New Delhi: With reports about the US allowing eight countries—including India, Japan and South Korea—to buy Iranian oil after it re-imposes sanctions on the Persian Gulf nation, state-run Indian Oil Corporation (IOC) on Friday remained circumspect about the possible fallout.
India is a major importer of Iranian oil —of the 220.4 million metric tonnes of crude imported by India in 2017-18, more than 9% was from Iran.
Speaking to reporters, Sanjiv Singh, chairman at India’s largest oil refiner, said that he was hopeful to be able to import from Iran as loss of substantial volume of Iranian oil won’t be good for the international market as it will impact prices. He added that while IOC places order for crude oil a month in advance, the time for placing December contracts hasn’t come.Bloomberg reported that while the Trump administration’s goal remains to choke off revenue to Iran’s economy, waivers are being granted in exchange for continued import cuts so as not to drive up oil prices.
This comes in the backdrop of India adopting a “wait and watch" policy ahead of US oil and banking sanctions on Iran from Sunday. India has been eyeing these concessions and were hinted at by petroleum minister Dharmendra Pradhan on 8 October about India continuing its energy imports from Iran even in the wake of the US’ 4 November deadline. State-run refiners Indian Oil Corp. Ltd and Mangalore Refinery and Petrochemicals Ltd have contracted 1.25 million tonnes of Iranian oil for import in November.
“We need to see what channels are open," Singh said.
India, which meets 83% of its crude oil requirements through imports and has been reeling from high oil prices, is not new to doing business with a sanctions-hit Iran. Indian banks put in place a rupee payment mechanism during the earlier round of sanctions against Iran over its nuclear programme, that included strictures against Iran’s energy and banking sectors. IOC has made payments for Iranian oil contracted till August.
Bloomberg added that the identity of the countries getting waivers is expected to be released officially on Monday, with these waivers being only temporary.
India has also been trying to diversify its supply portfolio, with firms starting to source liquefied natural gas and oil from the US. The options before it include increasing imports from sources such as the US, Iraq, Saudi Arabia, Nigeria, Venezuela, and the UAE. However, their terms may not be as attractive as those offered by Iran as the energy major provides 60-days credit, insurance and shipping.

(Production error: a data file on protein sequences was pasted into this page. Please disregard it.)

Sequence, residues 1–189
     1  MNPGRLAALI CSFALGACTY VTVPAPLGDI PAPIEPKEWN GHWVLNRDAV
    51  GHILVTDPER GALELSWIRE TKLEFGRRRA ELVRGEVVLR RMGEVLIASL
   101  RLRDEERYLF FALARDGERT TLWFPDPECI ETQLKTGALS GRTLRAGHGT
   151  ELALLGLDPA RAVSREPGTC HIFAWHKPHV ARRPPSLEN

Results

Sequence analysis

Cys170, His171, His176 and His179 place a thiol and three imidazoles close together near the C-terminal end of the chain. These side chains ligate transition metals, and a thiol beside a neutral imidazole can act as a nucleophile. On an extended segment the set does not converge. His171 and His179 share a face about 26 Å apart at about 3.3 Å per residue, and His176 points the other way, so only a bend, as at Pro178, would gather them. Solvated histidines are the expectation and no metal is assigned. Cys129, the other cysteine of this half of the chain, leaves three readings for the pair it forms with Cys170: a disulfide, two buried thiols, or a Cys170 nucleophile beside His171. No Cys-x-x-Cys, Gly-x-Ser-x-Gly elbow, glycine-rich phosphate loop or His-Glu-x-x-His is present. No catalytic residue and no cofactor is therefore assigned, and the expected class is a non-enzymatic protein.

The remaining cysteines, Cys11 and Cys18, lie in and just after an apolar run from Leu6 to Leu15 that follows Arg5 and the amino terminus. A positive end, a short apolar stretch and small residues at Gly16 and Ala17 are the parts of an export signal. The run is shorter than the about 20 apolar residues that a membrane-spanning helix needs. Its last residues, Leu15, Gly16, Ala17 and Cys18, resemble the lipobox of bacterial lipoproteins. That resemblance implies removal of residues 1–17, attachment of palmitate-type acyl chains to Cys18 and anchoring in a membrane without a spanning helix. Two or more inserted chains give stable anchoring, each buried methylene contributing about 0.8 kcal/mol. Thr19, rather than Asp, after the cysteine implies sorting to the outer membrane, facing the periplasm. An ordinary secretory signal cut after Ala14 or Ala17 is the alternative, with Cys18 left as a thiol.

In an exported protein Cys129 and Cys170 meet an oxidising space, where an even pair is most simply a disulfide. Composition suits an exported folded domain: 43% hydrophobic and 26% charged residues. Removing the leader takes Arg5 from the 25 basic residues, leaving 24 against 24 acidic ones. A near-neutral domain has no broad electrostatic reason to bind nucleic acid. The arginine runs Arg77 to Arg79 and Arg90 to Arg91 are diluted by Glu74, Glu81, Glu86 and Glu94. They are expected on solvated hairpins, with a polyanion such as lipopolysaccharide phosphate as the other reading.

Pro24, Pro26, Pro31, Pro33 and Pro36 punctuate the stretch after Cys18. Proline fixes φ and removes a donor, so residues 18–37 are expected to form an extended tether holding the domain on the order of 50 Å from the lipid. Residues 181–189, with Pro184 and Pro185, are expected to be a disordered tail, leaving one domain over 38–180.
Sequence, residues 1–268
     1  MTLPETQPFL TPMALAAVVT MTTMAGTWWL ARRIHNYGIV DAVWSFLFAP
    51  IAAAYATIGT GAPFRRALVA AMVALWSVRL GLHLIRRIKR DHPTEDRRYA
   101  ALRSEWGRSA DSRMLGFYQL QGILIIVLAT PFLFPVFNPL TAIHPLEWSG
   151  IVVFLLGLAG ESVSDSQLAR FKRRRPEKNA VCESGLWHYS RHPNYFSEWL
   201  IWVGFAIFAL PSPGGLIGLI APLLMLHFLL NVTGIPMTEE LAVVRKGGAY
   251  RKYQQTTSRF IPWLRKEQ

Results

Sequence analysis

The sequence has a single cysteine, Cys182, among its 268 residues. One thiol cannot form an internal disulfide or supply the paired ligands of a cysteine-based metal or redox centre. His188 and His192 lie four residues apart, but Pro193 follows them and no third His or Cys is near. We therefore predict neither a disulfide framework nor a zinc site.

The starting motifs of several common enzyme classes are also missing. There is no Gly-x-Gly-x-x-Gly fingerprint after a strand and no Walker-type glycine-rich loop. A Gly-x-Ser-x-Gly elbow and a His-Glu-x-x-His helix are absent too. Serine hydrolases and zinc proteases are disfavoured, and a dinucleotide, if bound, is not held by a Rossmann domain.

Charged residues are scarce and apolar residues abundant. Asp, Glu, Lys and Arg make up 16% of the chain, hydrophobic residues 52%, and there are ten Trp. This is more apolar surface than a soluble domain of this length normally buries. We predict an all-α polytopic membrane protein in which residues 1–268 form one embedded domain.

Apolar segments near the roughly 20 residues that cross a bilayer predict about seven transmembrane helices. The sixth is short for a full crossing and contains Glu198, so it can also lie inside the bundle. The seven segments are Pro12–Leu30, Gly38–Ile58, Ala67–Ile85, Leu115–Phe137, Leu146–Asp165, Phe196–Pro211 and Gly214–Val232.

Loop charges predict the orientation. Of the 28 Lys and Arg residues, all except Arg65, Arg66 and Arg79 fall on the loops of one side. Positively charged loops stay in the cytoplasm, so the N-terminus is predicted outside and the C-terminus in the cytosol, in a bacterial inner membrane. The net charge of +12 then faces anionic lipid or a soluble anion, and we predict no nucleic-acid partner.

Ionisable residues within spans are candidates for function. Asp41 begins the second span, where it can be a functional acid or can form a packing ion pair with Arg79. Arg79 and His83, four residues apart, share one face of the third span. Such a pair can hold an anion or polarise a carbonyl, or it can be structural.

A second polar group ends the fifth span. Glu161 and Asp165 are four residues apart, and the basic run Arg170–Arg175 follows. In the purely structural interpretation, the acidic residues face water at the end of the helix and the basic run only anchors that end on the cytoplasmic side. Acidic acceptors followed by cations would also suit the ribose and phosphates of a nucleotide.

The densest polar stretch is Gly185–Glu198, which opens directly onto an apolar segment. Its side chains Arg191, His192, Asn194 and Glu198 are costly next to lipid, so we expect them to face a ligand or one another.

Singh added that while there are alternatives for sourcing adequate volumes, but prices may be affected in the wake of sanctions.
Moody’s Investors Service in a report on 27 September estimated an around $500 million decline in earnings for Indian state-owned refiners, IOC, Bharat Petroleum Corporation Ltd and Hindustan Petroleum Corporation Ltd, if they were to buy crude from sources other than Iran.
Any rally in global crude oil prices will affect India’s oil import bill and trade deficit. Every dollar increase in oil prices has the potential to push up the import bill by around ₹ 10,700 crore on an annual basis. While crude prices jumped 50% in dollar terms and 70% in rupee terms since last year, the prices have fallen from the four-year highs reached earlier this month.
Arun Kumar Sharma, director, finance, at IOC, said that oil suppliers, including Saudi Arabia and Iraq, have been informally communicated about considering rupee payments, as it will bring down the demand for dollars. However, no response has been received, Sharma added.
This comes in the backdrop of India seeking a review of payment terms with major oil producers with the pitch being made by Prime Minister Narendra Modi himself during his meeting with top executives of global oil companies and experts from the energy sector last month. Also, the slide in the rupee has made it Asia’s worst performing currency of the year.
India has also proposed a consumers’ collective comprising major energy buyers—China, India, Japan and South Korea. The move assumes importance given that China and India are the world’s second and third largest oil importers, respectively. Japan and South Korea are placed at the fourth and fifth positions, respectively.
In another development, IOC will bear a ₹ 2,200 crore impact on account of the NDA government last month effecting a ₹ 2.50 per litre cut in prices of petrol and diesel. Out of the ₹ 2.50 cut, the Centre reduced excise duty by ₹ 1.50 per litre, while state-run fuel retailers are to take a hit of ₹ 1 for every litre sold.
Singh added that there is no indication from the government at what level the ₹ 1 price cut can be withdrawn.
IOC posted a 12.2% fall in second-quarter profit on Friday due to forex expenses and raw material costs. It registered a net profit of ₹ 3,247 crore in the quarter ended 30 September compared with ₹ 3,696 crore in the corresponding period last year.